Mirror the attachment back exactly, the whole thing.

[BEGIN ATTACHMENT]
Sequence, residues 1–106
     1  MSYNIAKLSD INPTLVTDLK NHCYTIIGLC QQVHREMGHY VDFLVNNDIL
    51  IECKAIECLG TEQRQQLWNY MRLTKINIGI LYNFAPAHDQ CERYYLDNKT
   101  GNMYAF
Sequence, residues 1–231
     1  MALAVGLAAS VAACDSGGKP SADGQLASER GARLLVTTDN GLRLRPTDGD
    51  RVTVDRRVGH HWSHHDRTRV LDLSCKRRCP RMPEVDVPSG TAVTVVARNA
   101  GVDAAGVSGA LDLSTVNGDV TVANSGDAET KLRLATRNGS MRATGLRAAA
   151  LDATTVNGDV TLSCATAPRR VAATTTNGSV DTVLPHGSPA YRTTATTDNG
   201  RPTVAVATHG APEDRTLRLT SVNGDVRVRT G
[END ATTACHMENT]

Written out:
Sequence, residues 1–106
     1  MSYNIAKLSD INPTLVTDLK NHCYTIIGLC QQVHREMGHY VDFLVNNDIL
    51  IECKAIECLG TEQRQQLWNY MRLTKINIGI LYNFAPAHDQ CERYYLDNKT
   101  GNMYAF
Sequence, residues 1–231
     1  MALAVGLAAS VAACDSGGKP SADGQLASER GARLLVTTDN GLRLRPTDGD
    51  RVTVDRRVGH HWSHHDRTRV LDLSCKRRCP RMPEVDVPSG TAVTVVARNA
   101  GVDAAGVSGA LDLSTVNGDV TVANSGDAET KLRLATRNGS MRATGLRAAA
   151  LDATTVNGDV TLSCATAPRR VAATTTNGSV DTVLPHGSPA YRTTATTDNG
   201  RPTVAVATHG APEDRTLRLT SVNGDVRVRT G